Children learn from their parents, and that applies to driving. They watch and observe from the moment they’re first strapped into a car seat. That means if Mom or Dad texts or talks on a cellphone while behind the wheel, the teen driver will likely emulate that behavior. That’s why parents should always drive the way they want their teens to.
Parents greatly influence their children’s driving habits, starting at an early age. Children are safely secured behind you in a forward-facing booster seat for nearly 10 years. They see your every move, every interaction with other drivers and every choice you make behind the wheel. What examples are you providing your children? Many studies have shown that children model the driving behaviors of their parents. By engaging in risky driving behaviors, parents give their kids inadvertent permission to choose unsafe driving behaviors. It’s not just about texting while driving, either. Parents should also buckle up, avoid aggressive driving behavior and follow the rules of the road. Your kids are watching from the back seat, and they remember everything!
When we’re driving, our number 1 priority has to be driving — not staying connected. Texting is particularly distracting, as it takes our eyes off the road, our hands off the wheel and our mind away from the act of driving. Even voice-to-text features have been proven to be distracting, and more than 30 studies have confirmed hands-free use is not risk-free. Parents need to set the example they want their children to follow.
When kids see their parents performing “habit-forming wrongs” (things done behind the wheel of a car while driving and being responsible for yourself, passengers and others on the road), kids tend to think that it looks easy: “I can do it because my mom and dad do it.” A comfort zone is being set each time they watch them do it, and most times, the mention of it being destructive never happens.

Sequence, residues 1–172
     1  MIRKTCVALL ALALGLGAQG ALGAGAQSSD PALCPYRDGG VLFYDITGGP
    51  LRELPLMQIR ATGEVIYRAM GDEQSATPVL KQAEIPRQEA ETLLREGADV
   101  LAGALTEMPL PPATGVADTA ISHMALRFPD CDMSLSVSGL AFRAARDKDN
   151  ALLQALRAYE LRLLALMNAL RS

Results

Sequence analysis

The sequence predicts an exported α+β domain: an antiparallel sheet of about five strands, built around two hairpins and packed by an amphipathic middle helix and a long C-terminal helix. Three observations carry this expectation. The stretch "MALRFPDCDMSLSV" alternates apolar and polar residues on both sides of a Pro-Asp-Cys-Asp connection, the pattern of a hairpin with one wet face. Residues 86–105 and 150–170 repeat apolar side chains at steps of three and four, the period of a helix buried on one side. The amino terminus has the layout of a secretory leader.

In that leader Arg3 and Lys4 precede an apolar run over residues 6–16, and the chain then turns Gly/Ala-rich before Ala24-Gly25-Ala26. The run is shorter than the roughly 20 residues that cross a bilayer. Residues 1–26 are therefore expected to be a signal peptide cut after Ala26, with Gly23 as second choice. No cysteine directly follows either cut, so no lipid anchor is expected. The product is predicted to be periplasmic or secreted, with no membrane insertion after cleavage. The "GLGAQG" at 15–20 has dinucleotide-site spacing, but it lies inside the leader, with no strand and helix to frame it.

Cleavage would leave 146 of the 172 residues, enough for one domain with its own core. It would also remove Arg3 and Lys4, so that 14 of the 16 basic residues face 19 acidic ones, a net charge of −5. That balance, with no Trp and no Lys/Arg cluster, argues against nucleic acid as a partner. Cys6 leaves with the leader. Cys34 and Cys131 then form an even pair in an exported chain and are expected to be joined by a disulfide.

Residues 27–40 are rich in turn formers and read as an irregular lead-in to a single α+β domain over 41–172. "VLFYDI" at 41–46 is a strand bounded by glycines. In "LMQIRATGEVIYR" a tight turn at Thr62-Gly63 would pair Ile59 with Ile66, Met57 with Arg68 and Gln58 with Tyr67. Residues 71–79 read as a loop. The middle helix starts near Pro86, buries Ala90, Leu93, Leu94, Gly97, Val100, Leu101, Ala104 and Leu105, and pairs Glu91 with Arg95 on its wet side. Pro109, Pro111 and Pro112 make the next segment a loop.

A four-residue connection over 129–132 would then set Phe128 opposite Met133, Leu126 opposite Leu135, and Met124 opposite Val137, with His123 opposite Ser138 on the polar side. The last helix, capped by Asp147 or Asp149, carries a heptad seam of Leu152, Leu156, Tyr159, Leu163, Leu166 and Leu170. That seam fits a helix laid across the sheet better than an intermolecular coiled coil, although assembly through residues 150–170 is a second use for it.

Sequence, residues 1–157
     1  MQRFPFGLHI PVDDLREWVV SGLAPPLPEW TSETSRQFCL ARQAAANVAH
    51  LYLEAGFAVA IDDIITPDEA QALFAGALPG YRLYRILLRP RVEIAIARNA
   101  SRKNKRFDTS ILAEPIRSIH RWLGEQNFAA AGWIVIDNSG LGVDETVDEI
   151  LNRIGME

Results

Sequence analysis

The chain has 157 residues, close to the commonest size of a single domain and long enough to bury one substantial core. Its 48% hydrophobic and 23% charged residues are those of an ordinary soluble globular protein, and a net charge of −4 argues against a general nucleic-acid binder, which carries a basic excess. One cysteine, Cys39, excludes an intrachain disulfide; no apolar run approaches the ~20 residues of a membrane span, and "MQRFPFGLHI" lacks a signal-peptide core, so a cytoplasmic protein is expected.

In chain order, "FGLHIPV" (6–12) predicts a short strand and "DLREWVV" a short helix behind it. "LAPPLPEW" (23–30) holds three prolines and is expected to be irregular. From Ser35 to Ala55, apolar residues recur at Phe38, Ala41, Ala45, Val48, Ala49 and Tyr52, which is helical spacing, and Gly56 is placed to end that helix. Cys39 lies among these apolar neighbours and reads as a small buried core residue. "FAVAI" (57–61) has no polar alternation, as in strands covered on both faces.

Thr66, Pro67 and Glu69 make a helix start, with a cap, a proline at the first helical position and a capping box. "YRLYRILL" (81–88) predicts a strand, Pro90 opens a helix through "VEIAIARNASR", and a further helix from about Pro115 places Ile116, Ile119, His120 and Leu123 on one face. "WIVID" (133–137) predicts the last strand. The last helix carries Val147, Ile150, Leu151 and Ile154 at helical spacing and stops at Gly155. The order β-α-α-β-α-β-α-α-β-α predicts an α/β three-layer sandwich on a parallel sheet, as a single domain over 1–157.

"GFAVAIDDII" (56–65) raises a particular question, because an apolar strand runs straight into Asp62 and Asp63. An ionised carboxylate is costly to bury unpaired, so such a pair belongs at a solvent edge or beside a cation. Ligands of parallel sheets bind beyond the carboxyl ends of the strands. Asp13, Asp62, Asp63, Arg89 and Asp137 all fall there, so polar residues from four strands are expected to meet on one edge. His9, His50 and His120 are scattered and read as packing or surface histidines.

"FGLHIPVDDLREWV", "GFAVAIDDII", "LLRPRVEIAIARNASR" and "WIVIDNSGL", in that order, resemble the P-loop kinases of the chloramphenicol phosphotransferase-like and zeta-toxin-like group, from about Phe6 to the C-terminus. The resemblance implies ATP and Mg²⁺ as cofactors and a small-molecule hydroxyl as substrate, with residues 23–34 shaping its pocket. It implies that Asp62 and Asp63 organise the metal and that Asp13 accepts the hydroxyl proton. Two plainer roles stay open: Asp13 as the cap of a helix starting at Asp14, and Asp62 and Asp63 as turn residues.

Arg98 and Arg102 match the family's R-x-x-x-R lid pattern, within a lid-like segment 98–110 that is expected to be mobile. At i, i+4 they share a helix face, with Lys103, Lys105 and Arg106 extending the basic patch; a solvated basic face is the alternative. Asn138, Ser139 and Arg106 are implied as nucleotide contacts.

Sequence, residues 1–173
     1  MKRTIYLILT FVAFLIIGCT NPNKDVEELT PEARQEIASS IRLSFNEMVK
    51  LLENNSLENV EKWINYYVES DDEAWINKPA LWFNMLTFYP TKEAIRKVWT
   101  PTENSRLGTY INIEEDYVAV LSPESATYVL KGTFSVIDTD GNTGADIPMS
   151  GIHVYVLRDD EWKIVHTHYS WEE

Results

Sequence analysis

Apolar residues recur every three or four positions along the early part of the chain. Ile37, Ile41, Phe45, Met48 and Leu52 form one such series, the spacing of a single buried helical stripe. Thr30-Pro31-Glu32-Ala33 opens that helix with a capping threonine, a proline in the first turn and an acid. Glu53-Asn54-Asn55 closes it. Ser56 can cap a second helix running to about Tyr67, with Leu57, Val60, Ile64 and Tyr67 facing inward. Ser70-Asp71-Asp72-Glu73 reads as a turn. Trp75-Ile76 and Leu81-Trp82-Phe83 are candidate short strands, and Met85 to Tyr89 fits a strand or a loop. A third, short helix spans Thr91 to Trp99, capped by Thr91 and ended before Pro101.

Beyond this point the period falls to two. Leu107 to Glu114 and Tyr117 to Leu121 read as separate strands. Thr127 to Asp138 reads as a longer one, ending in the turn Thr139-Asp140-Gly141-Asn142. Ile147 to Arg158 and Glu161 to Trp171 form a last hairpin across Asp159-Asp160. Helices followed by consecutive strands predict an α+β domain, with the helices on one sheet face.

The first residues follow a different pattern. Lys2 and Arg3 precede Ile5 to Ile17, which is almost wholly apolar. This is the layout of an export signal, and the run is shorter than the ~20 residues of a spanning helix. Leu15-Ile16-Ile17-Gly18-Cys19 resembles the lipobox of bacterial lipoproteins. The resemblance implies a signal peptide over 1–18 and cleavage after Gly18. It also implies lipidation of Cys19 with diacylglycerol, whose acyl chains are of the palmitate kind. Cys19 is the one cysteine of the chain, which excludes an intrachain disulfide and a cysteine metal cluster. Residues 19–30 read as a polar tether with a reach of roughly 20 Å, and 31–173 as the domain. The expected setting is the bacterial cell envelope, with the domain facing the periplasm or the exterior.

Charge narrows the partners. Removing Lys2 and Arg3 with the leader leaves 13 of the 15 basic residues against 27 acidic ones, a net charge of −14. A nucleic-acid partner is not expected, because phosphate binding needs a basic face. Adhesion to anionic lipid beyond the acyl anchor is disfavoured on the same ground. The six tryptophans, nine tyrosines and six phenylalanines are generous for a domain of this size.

How else can we help our children be safe drivers?
Practice, practice, practice. It is important for teens to practice driving with a parent in the car. Supervised driving is important. Some of the countries with the lowest crash risk have a two-year supervised driving requirement.
Pam Shadel Fischer
In addition to being positive role models, parents can help their children be safer drivers by staying actively involved. Research from The Children’s Hospital of Philadelphia indicates that teen drivers with actively involved, authoritative parents were half as likely to be involved in a crash, 71% less likely to drive intoxicated and 30% less likely to use a cellphone when driving compared to teens with uninvolved parents. These same teens were also 50% more likely to buckle up and recognize why doing so is important. Authoritative parents provide a warm, supportive environment with clear boundaries, giving them enough structured support to allow them to make good choices.
Talk to your kids early about safe driving behaviors. Twelve years old is not too early to tell your child what you are looking at out the front window. For example, when you stop at a red light behind another vehicle, you can explain to your child why it is important to leave space between you and the vehicle in front of you. Watch them when you say you should be able to see the tires touch the road. You may need to leave extra space for this one because some kids will do anything to see what you are teaching them! Explain to them why it is so important to wear a seatbelt.